HELENA — Senate Republicans lost votes Tuesday from within their ranks for their spending plan — handing a setback to leaders trying to quickly get the budget to Gov. Brian Schweitzer in order to advance negotiations.
Three conservative Republicans joined all Democrats on Tuesday in voting against the spending plan in a crucial final Senate vote, where it stalled on a 25-25 deadlock.
Senate Republican leaders say they will bring the measure up again, likely on Wednesday. Passing a budget is the only piece of business the Legislature is constitutionally required to do in the 90 days allotted. There are nine legislative days remaining.
"I was surprised," said Senate President Jim Peterson, R-Buffalo. "In the end I hope it will pass."
Peterson said he expects the measure will get support from at least one Republican, giving the proposal the votes it needs to go to the governor's desk.
"I am optimistic we will get it worked out," Peterson said.
The Democratic governor has threatened to veto it, or perhaps return a rewritten spending plan to lawmakers for them to consider.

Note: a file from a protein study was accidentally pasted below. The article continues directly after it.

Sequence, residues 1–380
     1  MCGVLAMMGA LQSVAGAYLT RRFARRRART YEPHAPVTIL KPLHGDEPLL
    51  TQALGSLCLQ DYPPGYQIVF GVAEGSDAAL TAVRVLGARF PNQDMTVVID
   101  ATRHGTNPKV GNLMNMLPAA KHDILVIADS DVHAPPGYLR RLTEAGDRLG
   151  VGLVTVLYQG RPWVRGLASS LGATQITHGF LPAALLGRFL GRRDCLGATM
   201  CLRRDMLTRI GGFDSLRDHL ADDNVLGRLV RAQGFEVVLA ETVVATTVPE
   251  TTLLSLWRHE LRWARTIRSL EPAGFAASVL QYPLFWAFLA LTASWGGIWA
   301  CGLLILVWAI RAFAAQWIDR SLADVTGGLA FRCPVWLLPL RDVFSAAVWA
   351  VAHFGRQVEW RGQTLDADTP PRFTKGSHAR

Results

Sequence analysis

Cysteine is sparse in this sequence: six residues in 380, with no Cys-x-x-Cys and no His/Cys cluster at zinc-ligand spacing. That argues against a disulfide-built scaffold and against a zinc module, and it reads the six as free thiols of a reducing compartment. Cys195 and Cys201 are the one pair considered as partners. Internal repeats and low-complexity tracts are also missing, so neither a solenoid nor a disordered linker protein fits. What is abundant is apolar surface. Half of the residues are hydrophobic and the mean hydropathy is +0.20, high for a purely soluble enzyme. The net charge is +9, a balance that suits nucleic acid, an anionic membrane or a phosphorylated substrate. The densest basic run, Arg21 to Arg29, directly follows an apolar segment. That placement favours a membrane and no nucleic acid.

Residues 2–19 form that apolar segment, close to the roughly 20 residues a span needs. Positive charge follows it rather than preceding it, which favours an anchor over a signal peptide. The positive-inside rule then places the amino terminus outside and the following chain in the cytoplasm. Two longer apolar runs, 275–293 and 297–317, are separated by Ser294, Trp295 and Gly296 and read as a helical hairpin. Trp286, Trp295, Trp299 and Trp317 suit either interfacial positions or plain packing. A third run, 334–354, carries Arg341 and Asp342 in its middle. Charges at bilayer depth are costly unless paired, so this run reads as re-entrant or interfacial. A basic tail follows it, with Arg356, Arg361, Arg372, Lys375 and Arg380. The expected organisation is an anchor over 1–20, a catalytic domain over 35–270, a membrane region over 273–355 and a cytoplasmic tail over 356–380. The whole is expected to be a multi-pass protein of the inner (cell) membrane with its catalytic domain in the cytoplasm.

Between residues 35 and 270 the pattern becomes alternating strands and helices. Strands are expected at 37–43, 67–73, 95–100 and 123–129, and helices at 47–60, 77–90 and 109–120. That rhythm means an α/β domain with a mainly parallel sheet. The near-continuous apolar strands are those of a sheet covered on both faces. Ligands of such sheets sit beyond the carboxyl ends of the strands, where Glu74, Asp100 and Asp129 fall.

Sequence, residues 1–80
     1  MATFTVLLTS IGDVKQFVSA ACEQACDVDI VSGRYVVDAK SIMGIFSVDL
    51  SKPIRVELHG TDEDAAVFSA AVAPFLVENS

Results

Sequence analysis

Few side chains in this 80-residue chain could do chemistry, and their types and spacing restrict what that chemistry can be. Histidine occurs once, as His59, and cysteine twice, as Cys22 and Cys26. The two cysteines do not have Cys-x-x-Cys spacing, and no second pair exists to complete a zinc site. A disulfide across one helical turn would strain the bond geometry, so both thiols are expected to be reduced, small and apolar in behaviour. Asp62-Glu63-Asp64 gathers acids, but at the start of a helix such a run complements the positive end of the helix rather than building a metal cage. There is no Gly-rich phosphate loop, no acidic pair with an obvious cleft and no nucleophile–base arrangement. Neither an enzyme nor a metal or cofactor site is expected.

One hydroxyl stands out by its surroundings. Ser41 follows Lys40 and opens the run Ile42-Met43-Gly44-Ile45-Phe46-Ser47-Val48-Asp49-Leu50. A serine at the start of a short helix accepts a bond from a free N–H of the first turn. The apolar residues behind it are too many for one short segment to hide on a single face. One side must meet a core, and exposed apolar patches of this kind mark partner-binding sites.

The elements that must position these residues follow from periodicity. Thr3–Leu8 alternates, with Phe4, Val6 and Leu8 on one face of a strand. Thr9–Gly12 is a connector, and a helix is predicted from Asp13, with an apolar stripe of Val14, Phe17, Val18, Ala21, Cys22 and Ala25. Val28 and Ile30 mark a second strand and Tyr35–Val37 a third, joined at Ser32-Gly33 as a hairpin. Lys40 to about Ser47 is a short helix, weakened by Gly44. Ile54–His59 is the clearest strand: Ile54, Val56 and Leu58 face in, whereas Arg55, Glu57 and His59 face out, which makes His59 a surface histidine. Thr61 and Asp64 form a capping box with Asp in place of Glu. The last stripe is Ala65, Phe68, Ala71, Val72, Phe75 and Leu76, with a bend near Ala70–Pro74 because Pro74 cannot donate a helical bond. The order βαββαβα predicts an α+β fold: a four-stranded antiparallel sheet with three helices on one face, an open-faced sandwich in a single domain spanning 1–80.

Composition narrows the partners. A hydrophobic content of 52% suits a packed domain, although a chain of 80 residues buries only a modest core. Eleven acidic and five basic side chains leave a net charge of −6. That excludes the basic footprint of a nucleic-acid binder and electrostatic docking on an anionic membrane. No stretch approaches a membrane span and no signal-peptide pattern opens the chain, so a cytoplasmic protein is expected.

Sen. Art Wittich of Bozeman surprised Republican leaders by switching his vote from a day earlier and stalling their plans to give Schweitzer a budget as soon as Wednesday.
Wittich said he has no plans to switch his vote back in favor of the spending plan when it is brought back up. The Bozeman attorney said he didn't like the way House and Senate negotiators added money back into the spending plan.
The Republican budget plan cuts spending of state tax money about $130 million. The biggest sticking point so far with Schwietzer appears to be a Republican decision to forgo almost $100 million in federal funds primarily for social programs such as food stamps and assistance for the elderly.
But a negotiating committee hashing out House and Senate differences did add some money back in to restore overtime money for prison and social workers, and retain an energy promotion division favored by the administration. It also agreed to take about $35 million in federal money to help hospitals and local clinics transition to electronic medical records.
"I think we are going in the wrong direction. I think we should be taking money out of the budget, not putting it into the budget," Wittich said.
Another Republican voting no, Sen. Ed Walker of Billings, said he will not change his vote when it returns. The other no vote, Sen. Greg Hinkle of Thomson Falls, would not tell reporters Tuesday what he intends to do.
Democrats have been steadfastly opposed to a spending plan they argue unnecessarily cuts essential programs. The legislative minority has instead backed Schweitzer's original spending plan.
Only once, in 2007, has the Legislature failed in its sole constitutional duty to pass a budget. That time the governor called the lawmakers back into a special session to pass the budget he wanted.